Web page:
Author Archives: kizumono

The Truth Within The Meat

Many may not know what truths lay behind one’s nation. They may be unaware of the horrendous scenes that take place as they can only see the unscathed masks presented to them. This idea can be seen throughout Louie Psyhoyos’s documentary, The Cove. In his documentary, former dolphin trainer, Ric O’Barry and his crew are seen investigating Japanese dolphin killings in the city of Taiji. His main mission is to exploit the gruesome killings and put an end to the dolphin massacre. Throughout his journey, many connections with food are made as dolphin meat is used not only for economical purposes but for national pride as well. Through the use of dolphin meat in this documentary, advances toward spreading the truth of the dolphin hunts and stopping them are made.

The first example to show how dolphin meat is used in the documentary can be seen when pedestrians are questioned about eating it. Throughout the documentary, many examples of the residents are shown to be unaware of the dolphin eating and killing. A prime example can be seen when a pedestrian is interviewed as shown in this screen shot:Image

“A pedestrian in a state of confusion when told of dolphins being eaten in Japan”

In this screen shot, the old lady becomes in a state of confusion and shock when the news of eaten dolphins were told to her. This just shows how the city of Taiji and Japan were able to cover up the fact that they were hunting dolphins and selling them in the forms of entertainment and meat. Also, coupled along with this idea, are when the families go to the market and see the dolphin meat for sale. Due to the Japanese government and their little tactic of mislabeling, they are able to hide the dolphin killings. Not only are they buying it, they are buying mercury infected dolphin meat. The little fact that many Japanese residents were unaware of such a crisis just shows how important it is to uncover the truth and spread it. Besides the selling of dolphin meat, Japan also used it in order to gain national pride.

The next example to show how dolphin meat was used to make advances in spreading the truth can be seen when dolphin meat began to become a sense of national pride. This idea can be seen when it was stated in the documentary that dolphin meat was a part of the Japanese culture and that they should be able to kill and eat dolphins. To further this idea, it can be seen when dolphin meat began to play a part in children’s lives as seen in the screen shot below:


“Young students are given dolphin meat as school lunch”

This screen shot specifically shows how the Japanese wanted to show how much dolphin meat meant to them and their culture. They were willing to feed their children, and basically their future, mercury infected dolphin meat. The children did not know of this poisoning, but since it was part of their tradition, they ate it. Besides the fact that the Japanese were giving out dolphin meat to schools to use as lunch, they used it as a way to explain their hunts and justify them. An ironic statement that should be made about this idea of tradition is the fact that people are unaware that their culture eats dolphins as seen in the previous screen shot. If dolphin meat was a part of their nation’s ideology, then why were their so many people oblivious to this fact?  If the people asked questions like this and wondered where their meat came from, then ending the dolphin hunting would be that much closer. This just shows how dolphin meat was used as a way to progress their mission.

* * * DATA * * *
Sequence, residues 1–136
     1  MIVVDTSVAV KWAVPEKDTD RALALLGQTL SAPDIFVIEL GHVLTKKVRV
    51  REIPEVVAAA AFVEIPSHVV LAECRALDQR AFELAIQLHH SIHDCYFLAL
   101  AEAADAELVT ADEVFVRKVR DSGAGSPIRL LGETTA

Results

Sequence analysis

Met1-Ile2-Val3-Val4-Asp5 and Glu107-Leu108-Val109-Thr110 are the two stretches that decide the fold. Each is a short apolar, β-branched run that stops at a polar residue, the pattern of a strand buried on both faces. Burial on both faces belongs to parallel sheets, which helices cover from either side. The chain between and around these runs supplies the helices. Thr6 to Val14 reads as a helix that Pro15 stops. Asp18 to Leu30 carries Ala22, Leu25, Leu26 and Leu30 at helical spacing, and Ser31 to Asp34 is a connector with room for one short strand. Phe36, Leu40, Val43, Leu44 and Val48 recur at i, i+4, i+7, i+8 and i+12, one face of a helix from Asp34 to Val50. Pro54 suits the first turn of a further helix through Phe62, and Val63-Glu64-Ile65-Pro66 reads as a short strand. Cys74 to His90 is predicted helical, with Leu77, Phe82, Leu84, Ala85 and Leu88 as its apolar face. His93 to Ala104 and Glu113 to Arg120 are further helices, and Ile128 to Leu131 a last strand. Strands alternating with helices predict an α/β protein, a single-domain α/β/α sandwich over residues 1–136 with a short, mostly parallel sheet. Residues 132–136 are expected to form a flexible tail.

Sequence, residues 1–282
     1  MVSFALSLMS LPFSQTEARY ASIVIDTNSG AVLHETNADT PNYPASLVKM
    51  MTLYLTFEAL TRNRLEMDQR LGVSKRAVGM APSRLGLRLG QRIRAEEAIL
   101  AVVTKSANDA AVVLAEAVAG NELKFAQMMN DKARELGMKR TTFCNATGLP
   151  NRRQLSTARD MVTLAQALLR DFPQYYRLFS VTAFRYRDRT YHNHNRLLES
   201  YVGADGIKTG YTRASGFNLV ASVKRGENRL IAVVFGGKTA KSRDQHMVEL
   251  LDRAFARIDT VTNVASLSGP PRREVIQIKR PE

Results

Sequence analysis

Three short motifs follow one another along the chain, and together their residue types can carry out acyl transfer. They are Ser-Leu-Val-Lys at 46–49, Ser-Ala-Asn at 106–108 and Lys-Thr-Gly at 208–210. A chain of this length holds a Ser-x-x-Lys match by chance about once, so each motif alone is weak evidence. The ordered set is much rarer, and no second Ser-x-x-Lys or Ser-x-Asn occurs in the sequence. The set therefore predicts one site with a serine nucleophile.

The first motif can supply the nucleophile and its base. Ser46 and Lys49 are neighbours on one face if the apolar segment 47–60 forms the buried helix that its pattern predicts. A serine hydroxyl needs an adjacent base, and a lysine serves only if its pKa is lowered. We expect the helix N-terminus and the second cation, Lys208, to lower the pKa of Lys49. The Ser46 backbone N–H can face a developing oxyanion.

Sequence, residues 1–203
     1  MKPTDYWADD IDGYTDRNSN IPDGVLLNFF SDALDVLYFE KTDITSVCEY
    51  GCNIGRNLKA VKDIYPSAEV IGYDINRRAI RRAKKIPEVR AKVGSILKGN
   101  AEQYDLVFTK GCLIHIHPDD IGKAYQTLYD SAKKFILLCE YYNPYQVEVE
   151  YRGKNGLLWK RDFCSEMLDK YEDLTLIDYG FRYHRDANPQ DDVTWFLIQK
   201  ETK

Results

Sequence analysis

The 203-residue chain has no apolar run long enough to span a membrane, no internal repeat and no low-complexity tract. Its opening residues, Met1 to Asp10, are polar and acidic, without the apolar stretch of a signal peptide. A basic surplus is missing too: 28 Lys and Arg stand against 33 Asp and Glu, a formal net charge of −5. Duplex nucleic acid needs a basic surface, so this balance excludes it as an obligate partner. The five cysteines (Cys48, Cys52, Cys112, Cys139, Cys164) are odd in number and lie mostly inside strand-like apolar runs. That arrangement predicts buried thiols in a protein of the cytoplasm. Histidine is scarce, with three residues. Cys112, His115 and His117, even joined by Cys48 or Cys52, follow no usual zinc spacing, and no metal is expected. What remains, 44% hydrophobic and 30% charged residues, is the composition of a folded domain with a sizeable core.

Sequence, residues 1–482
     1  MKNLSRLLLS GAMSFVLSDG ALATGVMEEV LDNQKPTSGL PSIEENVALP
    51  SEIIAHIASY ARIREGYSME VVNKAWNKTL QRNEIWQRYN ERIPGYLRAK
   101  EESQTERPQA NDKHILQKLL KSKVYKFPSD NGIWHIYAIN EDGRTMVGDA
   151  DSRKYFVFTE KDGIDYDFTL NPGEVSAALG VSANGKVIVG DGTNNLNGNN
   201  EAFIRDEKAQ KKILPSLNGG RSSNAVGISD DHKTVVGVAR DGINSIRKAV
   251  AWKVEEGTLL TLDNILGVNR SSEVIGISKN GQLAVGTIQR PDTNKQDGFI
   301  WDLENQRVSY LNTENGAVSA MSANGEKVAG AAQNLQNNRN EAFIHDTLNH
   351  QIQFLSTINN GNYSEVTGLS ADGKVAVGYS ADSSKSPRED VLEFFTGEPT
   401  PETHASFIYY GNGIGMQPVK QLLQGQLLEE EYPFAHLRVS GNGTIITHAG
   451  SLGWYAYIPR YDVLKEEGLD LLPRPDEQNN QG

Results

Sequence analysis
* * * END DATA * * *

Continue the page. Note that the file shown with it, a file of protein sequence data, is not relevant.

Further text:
The last example to show how dolphin meat was used as a way to advance the spreading of the hunt and stop it can be seen when the dolphin killings were made public by O’Barry. The crew managed to obtain clips of the killings and was made public as can be seen in the screenshot below:


“O’Barry carrying a monitor showing the killings of the dolphins”

In this scene, O’Barry is publicizing the dolphin hunt and only a few stop to watch. As the clip progresses, more and more people stop to see and finally learn of the killings. They become enlightened and now realized that the dolphin meat at school came from this, came from the horrendous actions done at Taiji. This clip basically sums up the documentary’s mission as it shows how the spreading of the horror is slowly progressing.

The documentary was capable of spreading the news of the dolphin hunt through the use of dolphin meat as the method of obtaining it was exposed. Many of the Japanese were unaware of the killings and a conflicting sense of national pride arose. Even with the publicizing of the killings, it is up to the people to question where their meat came from and to stop the killings.


Under Two Leaders, Lie One Community

Communities may be seen as a complex grouping of people or figures, but can be brought upon each other through the simplest of ideas. Bonds may be created and communities may be unified through ideas as simple as food and enemies. This can be seen in Iwaya Sazanami’s story of Momotaro, The Story of Peach Boy as well as in the anime Momotaro’s Sea Eagles, directed by Seo Mitsuyo. Both of these works depict the tale of Momotaro in which he sets out to defeat his enemy to save Japan.  Though, similar in story, however, both works hold their own distinctions and variations. Even with their differences, ideas of community building can still be seen to be paralleled. Such ideas can be seen in the use of millet dumplings to show camaraderie, the idea of happiness to create bonds, and the idea of sharing a common enemy to bring groups together. Community building can be seen in both the story as well as in the anime through the use of food, happiness of children, and a common enemy.